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Transportation

, Volume 45, Issue 3, pp 789–825 | Cite as

Normative beliefs and modality styles: a latent class and latent variable model of travel behaviour

  • Rico Krueger
  • Akshay Vij
  • Taha H. Rashidi
Article

Abstract

We study the interrelation of normative beliefs, which are an individual’s perception of the beliefs of others regarding a specific behaviour, and modality styles, which represent the part of an individual’s lifestyle that is characterised by the use of a certain set of modes. In recent years, travel behaviour research has increasingly sought to understand the effect of social influence on mobility-related behaviour. One stream of literature has adopted representations rooted in social psychology to explain behaviour as a function of latent psycho-social constructs including normative beliefs. Another stream of literature has employed a lifestyle-oriented approach to identify segments or modality styles within a population that differ in terms of their orientation towards different modes of transport. Our study proposes an integrated conceptual framework that combines elements of these two streams of literature. Modality styles are hypothesised to be a function of normative beliefs towards the use of different modes of transport; mobility-related attitudes and behaviours are in turn hypothesised to be functions of modality styles. The conceptual model is operationalised using a latent class and latent variable model and empirically validated using data collected through an Australian consumer panel. We demonstrate how this integrated model framework may be used to understand the relationship between normative beliefs, modality styles and travel behaviour. In addition, we show how the model can be applied to predict how extant modality styles and patterns of travel behaviour may change over time in response to concurrent shifts in normative beliefs.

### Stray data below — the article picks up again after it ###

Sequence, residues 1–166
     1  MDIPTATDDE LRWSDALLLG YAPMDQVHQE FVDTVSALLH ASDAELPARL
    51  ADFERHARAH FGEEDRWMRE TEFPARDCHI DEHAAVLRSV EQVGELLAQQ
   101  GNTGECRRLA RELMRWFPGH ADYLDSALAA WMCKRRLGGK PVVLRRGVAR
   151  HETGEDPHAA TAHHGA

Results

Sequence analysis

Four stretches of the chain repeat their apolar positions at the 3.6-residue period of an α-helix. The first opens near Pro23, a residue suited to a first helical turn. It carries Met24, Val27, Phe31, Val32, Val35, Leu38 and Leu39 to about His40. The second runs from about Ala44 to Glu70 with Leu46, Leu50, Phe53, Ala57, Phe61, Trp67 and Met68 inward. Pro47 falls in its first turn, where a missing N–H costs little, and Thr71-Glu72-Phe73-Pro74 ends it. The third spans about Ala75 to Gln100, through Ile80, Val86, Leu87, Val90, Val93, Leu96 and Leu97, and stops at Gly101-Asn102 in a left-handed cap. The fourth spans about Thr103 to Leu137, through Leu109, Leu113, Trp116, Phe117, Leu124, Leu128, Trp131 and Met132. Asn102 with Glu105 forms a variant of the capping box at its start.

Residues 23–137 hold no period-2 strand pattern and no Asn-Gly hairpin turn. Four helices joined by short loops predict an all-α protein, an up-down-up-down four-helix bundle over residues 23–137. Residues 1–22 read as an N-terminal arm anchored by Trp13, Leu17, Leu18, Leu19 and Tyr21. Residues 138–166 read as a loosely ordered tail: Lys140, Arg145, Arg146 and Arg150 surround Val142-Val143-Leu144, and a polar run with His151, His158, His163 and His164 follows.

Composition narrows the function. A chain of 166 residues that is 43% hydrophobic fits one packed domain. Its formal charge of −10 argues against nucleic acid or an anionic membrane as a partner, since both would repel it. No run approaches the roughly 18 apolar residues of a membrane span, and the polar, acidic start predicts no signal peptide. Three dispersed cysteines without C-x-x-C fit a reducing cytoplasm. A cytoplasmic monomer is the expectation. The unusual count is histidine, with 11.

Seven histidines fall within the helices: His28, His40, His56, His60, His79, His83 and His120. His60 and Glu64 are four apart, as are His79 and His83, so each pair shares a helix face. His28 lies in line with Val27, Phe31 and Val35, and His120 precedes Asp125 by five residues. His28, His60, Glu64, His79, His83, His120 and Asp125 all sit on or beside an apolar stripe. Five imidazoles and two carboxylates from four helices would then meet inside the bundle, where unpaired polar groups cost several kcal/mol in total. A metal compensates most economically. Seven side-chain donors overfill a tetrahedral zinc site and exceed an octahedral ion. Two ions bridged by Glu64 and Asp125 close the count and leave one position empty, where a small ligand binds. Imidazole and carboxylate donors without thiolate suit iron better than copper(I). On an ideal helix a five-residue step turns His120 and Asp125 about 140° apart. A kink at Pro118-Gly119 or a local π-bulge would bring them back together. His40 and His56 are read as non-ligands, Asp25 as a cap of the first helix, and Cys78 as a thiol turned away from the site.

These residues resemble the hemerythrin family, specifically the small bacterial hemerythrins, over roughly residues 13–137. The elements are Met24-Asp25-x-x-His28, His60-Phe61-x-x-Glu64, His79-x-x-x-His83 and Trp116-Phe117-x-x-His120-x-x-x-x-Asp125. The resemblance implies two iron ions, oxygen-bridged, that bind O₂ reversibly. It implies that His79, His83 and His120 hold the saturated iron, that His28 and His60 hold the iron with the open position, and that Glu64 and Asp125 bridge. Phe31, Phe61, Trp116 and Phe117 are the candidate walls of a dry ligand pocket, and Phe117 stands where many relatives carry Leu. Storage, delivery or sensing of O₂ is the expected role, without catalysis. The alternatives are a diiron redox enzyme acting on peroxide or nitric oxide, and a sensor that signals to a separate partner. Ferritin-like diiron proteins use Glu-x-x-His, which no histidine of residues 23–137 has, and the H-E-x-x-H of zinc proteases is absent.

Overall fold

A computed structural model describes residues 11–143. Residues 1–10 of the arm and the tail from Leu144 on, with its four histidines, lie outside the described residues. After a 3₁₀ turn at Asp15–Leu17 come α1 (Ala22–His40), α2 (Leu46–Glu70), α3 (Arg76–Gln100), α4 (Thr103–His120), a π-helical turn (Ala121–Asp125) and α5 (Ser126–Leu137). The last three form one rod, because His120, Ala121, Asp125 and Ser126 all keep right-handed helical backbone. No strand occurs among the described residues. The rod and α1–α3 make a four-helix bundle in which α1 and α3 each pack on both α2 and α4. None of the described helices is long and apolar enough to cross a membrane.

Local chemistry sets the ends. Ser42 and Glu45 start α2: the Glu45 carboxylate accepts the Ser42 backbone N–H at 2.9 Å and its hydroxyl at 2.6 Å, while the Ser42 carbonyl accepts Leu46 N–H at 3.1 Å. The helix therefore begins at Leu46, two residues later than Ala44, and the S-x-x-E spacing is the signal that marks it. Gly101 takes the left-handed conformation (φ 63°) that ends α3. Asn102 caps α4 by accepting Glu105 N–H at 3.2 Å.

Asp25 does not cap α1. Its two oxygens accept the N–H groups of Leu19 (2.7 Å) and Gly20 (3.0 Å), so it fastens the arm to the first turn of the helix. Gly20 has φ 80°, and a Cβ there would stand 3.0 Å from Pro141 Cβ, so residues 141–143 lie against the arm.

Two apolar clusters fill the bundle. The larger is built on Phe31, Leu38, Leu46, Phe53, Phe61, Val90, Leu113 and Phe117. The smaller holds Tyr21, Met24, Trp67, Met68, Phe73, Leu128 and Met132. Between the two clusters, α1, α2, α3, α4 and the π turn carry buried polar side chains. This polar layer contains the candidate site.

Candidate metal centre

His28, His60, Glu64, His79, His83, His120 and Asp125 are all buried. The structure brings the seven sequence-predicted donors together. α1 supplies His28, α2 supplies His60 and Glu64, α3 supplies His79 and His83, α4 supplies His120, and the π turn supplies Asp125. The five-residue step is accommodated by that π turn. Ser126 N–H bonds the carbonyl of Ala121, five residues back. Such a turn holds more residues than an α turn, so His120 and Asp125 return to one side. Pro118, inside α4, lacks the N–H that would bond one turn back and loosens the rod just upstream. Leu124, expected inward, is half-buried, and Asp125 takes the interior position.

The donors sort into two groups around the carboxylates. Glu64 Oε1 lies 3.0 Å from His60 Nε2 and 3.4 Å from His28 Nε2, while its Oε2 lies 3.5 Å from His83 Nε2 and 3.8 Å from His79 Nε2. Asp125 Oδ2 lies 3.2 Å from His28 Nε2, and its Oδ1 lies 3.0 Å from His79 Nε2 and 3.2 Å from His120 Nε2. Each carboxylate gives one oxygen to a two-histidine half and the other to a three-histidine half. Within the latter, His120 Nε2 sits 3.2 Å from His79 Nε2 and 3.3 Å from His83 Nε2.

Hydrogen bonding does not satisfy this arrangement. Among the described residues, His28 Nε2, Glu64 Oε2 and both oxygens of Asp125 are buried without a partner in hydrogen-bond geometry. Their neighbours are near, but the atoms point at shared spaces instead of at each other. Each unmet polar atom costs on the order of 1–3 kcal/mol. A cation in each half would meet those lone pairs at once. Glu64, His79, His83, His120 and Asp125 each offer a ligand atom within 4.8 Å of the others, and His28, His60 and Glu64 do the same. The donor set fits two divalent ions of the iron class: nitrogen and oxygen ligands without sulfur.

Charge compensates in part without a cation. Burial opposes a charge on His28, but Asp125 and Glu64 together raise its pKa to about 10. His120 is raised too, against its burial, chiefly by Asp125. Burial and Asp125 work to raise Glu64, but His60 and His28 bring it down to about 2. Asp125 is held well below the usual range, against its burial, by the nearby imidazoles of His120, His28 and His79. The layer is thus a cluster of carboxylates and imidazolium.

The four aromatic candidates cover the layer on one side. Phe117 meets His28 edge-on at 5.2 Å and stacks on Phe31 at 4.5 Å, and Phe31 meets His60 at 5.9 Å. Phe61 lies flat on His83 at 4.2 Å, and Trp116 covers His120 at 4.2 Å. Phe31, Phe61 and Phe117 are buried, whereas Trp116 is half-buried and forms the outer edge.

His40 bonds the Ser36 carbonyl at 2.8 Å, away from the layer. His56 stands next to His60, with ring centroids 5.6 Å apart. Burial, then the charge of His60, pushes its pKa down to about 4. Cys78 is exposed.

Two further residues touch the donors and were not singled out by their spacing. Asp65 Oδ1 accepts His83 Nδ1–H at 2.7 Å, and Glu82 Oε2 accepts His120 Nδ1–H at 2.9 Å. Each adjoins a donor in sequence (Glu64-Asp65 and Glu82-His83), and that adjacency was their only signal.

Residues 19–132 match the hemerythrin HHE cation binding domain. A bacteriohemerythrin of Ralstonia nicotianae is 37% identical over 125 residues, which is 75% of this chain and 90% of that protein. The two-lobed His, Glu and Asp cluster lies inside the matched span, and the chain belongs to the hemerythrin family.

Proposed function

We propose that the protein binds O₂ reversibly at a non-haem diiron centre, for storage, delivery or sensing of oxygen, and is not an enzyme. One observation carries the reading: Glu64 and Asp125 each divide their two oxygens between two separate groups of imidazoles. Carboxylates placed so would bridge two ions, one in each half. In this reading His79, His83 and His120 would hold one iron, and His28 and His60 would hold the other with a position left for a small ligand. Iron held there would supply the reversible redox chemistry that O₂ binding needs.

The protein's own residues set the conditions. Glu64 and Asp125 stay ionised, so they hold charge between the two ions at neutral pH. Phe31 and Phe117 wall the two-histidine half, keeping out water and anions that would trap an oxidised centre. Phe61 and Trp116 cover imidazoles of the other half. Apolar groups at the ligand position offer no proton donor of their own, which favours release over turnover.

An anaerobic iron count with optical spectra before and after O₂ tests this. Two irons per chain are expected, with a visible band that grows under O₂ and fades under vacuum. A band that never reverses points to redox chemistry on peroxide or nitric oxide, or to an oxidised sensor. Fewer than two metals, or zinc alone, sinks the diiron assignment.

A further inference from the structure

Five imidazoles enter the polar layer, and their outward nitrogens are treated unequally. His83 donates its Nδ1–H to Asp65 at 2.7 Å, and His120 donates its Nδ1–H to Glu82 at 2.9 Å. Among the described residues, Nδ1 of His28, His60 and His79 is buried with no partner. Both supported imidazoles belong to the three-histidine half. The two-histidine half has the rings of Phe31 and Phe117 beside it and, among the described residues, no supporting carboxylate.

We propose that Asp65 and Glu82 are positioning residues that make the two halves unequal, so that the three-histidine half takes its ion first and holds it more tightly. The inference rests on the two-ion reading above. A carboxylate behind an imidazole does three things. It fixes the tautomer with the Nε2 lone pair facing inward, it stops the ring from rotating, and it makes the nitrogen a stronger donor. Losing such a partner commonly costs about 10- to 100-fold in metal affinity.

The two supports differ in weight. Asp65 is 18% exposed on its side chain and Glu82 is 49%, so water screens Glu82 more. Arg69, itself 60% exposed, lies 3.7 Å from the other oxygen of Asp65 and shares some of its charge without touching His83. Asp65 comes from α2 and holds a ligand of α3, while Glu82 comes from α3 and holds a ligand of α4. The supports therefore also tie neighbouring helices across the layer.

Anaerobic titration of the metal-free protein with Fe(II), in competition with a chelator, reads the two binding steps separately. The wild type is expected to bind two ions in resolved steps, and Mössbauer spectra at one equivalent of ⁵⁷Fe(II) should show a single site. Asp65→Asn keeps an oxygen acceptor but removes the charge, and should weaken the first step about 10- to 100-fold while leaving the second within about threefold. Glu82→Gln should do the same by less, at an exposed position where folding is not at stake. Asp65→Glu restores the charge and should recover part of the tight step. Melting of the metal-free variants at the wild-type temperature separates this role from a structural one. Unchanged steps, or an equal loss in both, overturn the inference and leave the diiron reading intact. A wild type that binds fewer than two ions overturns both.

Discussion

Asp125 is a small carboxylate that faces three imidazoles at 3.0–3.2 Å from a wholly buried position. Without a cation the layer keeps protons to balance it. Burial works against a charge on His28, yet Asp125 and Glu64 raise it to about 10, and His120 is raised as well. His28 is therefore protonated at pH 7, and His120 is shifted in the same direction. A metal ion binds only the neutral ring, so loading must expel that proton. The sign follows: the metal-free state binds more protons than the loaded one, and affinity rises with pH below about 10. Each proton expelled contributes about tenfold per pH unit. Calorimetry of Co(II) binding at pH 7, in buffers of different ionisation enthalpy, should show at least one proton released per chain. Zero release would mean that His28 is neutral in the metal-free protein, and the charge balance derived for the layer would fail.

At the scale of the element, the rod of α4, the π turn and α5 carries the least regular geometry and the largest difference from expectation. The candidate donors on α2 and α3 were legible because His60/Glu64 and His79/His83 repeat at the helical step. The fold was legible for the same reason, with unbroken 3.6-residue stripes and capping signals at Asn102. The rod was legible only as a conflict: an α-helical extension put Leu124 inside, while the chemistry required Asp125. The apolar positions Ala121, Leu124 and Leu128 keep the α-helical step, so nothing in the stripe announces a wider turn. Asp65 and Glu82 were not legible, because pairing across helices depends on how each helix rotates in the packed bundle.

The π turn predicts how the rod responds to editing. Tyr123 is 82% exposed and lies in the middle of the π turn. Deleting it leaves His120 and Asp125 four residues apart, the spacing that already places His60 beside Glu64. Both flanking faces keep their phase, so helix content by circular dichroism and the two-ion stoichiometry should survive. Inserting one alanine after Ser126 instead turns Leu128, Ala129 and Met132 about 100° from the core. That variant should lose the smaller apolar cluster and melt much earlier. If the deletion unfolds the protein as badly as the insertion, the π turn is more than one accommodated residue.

Keywords

Lifestyle Norms Attitudes Peak car Travel behaviour change 

Notes

Acknowledgements

The authors are grateful to three anonymous reviewers, whose insightful comments helped to substantially improve an earlier version of this paper. However, the remaining errors are solely our own responsibility. RK and THR acknowledge support from the Australian Research Council under Grant LP150101266.

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© Springer Science+Business Media New York 2016

Authors and Affiliations

  1. 1.Research Centre for Integrated Transport Innovation, School of Civil and Environmental EngineeringUNSW AustraliaSydneyAustralia
  2. 2.Institute for ChoiceUniversity of South AustraliaNorth SydneyAustralia

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